Yes, that's how he spelled "defence."
As commander-in-chief, Washington understood the best defense is a good offense. He wasn’t necessarily advocating a strike-first policy, but rather, a strategy of strength. If you’re prepared to fight, it’s less likely you’ll have to. Or like another president said, “Speak softly and carry a big stick.”
When it comes to retention, the only way to hold your ground is to advance. If you want to keep employees in your ranks, you’ve got to keep them marching along. Retaining someone is about putting them on the right trajectory.
How so? Culture Amp found that an employee’s commitment depends most on three factors—alignment, leadership, and development. To really feel the weight of these three, don’t think about them in the abstract. Think about how they affect you personally—how much you want these factors in your job.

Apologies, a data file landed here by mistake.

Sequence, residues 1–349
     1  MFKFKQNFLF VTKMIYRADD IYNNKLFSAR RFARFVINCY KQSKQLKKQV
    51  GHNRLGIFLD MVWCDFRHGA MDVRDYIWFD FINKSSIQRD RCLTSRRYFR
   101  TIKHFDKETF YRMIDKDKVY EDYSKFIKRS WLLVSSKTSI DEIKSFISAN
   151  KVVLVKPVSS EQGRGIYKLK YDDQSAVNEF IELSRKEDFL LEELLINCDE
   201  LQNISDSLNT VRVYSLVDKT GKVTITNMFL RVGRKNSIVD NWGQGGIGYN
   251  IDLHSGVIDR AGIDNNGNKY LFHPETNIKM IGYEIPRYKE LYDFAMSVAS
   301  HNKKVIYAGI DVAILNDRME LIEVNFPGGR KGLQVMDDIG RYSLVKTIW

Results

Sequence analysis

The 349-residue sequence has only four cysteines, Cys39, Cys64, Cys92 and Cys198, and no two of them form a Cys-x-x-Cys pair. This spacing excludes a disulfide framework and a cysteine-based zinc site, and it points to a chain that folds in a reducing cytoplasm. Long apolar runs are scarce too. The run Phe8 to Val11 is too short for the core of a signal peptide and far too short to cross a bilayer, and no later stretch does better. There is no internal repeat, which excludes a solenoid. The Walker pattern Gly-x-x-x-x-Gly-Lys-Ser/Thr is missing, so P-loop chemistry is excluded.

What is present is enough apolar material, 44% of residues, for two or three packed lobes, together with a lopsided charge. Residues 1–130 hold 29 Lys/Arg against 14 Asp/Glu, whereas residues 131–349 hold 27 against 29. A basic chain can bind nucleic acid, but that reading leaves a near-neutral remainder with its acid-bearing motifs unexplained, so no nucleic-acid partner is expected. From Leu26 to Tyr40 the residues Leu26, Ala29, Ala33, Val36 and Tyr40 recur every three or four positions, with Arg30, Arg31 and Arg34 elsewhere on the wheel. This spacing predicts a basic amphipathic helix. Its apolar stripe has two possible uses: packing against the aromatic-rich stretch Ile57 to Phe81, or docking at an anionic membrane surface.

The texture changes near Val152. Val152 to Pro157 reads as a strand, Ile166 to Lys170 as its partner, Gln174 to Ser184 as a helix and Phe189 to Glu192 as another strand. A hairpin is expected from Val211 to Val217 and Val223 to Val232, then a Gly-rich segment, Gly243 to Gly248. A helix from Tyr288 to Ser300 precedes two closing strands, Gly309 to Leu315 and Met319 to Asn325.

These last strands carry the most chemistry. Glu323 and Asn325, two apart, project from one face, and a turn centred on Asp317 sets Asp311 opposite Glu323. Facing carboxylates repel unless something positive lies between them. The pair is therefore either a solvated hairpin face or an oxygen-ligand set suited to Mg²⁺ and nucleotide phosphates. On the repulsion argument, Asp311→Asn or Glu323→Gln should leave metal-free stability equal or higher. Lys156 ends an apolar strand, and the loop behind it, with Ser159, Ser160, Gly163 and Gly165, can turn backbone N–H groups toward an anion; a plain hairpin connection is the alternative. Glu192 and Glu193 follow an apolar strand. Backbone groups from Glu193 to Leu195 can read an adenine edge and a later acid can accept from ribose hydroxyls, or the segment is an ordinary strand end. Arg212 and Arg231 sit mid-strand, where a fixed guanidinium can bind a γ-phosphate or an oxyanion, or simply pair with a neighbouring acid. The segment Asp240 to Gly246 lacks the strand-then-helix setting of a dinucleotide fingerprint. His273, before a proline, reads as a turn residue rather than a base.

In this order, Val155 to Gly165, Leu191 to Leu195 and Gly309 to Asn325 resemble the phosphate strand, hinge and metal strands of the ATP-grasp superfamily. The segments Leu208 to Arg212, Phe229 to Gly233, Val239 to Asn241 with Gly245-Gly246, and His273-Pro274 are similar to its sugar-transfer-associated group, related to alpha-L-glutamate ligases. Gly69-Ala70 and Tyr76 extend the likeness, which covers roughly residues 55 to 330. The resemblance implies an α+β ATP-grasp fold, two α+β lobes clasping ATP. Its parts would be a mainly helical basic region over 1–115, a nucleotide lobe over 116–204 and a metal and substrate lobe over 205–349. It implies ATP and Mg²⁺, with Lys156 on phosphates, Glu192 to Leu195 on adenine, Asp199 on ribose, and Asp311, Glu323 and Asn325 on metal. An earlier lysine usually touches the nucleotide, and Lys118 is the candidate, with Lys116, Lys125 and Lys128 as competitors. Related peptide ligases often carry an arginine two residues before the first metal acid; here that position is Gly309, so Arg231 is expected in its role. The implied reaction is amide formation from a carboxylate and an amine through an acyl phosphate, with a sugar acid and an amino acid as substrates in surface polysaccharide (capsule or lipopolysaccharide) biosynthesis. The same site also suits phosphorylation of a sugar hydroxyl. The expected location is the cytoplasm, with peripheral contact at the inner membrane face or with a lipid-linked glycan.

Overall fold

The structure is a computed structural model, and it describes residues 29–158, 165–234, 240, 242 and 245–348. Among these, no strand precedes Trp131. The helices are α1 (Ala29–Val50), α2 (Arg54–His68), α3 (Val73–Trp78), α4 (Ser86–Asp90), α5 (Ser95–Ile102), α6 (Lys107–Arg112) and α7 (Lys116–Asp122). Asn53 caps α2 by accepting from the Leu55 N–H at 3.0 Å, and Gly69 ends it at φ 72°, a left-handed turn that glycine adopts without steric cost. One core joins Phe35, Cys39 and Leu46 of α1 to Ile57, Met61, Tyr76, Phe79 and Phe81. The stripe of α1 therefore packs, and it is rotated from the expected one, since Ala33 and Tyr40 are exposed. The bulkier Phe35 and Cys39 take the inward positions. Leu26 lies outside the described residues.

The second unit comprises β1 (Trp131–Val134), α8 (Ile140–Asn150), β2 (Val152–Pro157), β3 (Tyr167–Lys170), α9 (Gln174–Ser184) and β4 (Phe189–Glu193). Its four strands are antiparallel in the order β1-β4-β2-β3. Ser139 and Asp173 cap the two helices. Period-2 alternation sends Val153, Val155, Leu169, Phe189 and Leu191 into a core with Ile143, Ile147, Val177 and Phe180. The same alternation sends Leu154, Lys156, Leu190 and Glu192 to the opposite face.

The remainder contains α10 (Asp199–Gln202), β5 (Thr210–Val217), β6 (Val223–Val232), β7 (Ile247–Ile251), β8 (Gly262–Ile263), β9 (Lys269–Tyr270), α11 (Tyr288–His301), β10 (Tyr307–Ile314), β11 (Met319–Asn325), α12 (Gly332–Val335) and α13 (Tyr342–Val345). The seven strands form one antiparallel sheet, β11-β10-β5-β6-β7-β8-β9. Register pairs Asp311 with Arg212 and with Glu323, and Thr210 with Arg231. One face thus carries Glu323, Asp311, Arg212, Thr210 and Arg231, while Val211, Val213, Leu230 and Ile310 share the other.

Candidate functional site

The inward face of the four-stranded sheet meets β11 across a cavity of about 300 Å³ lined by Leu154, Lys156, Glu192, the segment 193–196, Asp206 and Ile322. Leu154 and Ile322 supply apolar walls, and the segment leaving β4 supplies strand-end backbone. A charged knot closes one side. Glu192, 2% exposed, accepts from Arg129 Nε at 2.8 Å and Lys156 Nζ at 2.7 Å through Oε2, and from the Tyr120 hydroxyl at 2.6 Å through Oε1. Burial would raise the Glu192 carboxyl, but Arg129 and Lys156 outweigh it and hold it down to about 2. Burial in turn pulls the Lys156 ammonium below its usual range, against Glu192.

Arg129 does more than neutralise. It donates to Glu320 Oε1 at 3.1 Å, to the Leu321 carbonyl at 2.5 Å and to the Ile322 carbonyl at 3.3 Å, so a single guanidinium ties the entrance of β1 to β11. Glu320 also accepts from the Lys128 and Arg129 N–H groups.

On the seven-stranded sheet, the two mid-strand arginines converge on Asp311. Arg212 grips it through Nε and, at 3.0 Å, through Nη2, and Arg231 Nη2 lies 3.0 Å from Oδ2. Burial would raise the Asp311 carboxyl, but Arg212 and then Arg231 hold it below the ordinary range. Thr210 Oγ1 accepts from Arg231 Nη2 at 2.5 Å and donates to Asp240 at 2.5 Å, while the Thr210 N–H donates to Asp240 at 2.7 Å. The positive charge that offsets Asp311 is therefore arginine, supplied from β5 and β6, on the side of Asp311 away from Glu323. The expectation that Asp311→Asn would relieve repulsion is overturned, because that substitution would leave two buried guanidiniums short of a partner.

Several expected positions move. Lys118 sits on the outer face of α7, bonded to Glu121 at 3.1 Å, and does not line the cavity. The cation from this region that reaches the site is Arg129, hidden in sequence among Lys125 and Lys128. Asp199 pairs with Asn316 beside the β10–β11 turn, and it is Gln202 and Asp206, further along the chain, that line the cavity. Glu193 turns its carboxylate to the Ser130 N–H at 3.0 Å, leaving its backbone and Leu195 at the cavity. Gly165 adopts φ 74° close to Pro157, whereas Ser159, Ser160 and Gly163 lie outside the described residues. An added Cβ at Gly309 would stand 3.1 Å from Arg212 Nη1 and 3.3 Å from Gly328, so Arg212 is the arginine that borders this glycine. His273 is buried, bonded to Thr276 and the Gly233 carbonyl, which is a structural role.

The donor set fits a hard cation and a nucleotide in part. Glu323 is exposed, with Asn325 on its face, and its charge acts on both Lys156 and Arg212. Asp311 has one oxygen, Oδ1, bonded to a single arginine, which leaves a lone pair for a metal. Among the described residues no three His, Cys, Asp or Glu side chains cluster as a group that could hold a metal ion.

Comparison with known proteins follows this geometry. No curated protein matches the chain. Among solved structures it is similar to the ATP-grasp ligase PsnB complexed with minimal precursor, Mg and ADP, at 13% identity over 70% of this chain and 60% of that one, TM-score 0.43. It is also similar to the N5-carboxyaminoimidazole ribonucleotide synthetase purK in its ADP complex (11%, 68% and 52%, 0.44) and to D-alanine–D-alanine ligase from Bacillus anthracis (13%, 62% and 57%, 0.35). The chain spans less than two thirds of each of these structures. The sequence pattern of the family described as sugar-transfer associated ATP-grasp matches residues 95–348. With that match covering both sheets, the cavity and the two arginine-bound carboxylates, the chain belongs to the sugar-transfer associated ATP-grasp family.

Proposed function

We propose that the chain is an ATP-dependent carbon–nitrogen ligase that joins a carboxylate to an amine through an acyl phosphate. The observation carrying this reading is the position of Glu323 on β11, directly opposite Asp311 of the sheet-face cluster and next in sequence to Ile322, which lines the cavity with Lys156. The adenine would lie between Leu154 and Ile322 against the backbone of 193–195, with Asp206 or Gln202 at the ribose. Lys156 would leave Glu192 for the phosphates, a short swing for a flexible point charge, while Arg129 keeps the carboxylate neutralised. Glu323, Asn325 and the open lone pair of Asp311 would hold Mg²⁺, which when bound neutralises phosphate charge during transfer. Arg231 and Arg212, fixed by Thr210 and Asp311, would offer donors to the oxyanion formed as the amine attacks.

You believe in the mission, and your work clearly supports it. You’re helping to take the hill.
You trust who’s in command and where they’re taking you.
You’re building strength and skills. You’ve got opportunity to rise in rank.
We all share a common desire for these three qualities, and they share that common theme of trajectory. Advancement. Marching on. Taking ground.
When we face retention problems, there’s a good chance our aim is off in one or more of these areas. There’s either employee misalignment, lack of confidence in leadership, or deficiency in development opportunities.
Taking command and taking ground in these areas is the surest defense against turnover.